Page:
Chet Faker makes deeply intimate music for those lonely hours when dawn meets dusk: introspective, melancholy and soulful. So the fact the singer/producer has managed to translate his down-tempo, R&B tinged electronica into consistently sold-out shows is quite a feat. It’s a fact not lost on the heavily bearded Australian as he humbly surveys the sea of moving bodies before him and the many balconies of Koko, crammed full of eager punters clambering to get a look at one of music’s brightest rising stars.
We can forgive him for his overwhelmed reaction, after all Faker, real name Nicholas Murphy, hasn’t been doing this for very long. Yet sold-out venues are all he’s ever known. Ever since his hazy cover of a certain Blackstreet song went viral in 2011, eventually appearing on a beer advert during the 2013 Super Bowl, things have been moving at breakneck speed. Yet it’s a smouldering deconstruction of Burial’s “Archangel” that opens tonight’s show, bringing us back to Faker’s preferred tempo, the audience hushed as his voice echoes around the room in mournful, Justin Vernon-esque waves. Burial is an artist Faker has professed his love for (you can clearly hear his admiration amongst the scattershot beats and crackling soundscapes of his debut and former EP Thinking in Textures) but make no mistake, he’s in here now on his own steam and influences – “No Diggity” might have got him noticed but now Faker is pulling in the crowds by himself.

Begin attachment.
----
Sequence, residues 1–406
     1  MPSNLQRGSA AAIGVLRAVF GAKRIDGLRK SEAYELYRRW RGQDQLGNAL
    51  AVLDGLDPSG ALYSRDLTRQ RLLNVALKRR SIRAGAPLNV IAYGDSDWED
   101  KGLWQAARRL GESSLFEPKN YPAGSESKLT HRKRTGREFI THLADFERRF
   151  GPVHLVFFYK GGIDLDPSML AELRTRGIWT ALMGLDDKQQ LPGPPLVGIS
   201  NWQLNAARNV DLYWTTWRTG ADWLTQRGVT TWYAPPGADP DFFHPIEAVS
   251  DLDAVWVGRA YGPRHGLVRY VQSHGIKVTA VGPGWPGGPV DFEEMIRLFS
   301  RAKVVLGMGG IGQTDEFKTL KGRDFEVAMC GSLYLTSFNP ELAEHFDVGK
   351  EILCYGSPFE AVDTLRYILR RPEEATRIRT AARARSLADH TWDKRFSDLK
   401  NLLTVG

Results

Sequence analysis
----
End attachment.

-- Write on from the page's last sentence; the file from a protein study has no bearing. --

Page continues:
Murphy’s debut album Built on Glass pulls just as much from jazz and soul as it does dance genres with beats ebbing and surging, fluttering, starting and stopping, constantly in motion. There’s a real organic feel to tonight’s show: Chet Faker was born out of his mother’s basement and, flanked by nothing but a couple of keyboards and a laptop, Murphy behaves as though he’s still in there, lost amongst sultry yet brittle beats, ducking and weaving above his equipment. Cobbling together an interlude from a ghostly looped vocal amid bubbling bass, at one point it’s almost like he’s alone in his bedroom building a track from scratch rather than being watched by thousands of pairs of eyes. Of course he does it tonight partly because he can, but you can tell this is just what Faker loves to do, experimenting with layers and musical textures, adding and then taking away until something sticks. “Sorry,” he laughs with the air of a man who’s just remembered where he is. “I’m just messing about up here but of course you’ve come to hear the tunes.”
It’s an apt introduction for “Blush”, one of the raviest cuts from Built on Glass. Deep and warped on record, it’s been morphed into a banger in every sense of the word tonight; rib-juddering bass and chunky synths churning their way to a shattering crescendo, Faker’s oddly soulful croon providing the glue to keep all the shards together. “1998” follows, a 90’s indebted acid-house track littered with bleeps and woozy cut-and-paste samples. “I’m Into You” has been given a bass-heavy and funky makeover, the crowd singing along with every word while the saxophone that heralds current single “Talk is Cheap” and it’s dreamy, refracted bassline gets a huge cheer.
“Let’s have a shout out to Flume”, Murphy announces at one point to deafening appreciation after the eerie bounce of “Drop the Game”, referring to the Australian producer with whom he collaborated on the track. “He’s not here though.” He doesn’t need to be, Faker has proved he’s more than able to win over hearts and minds on his own.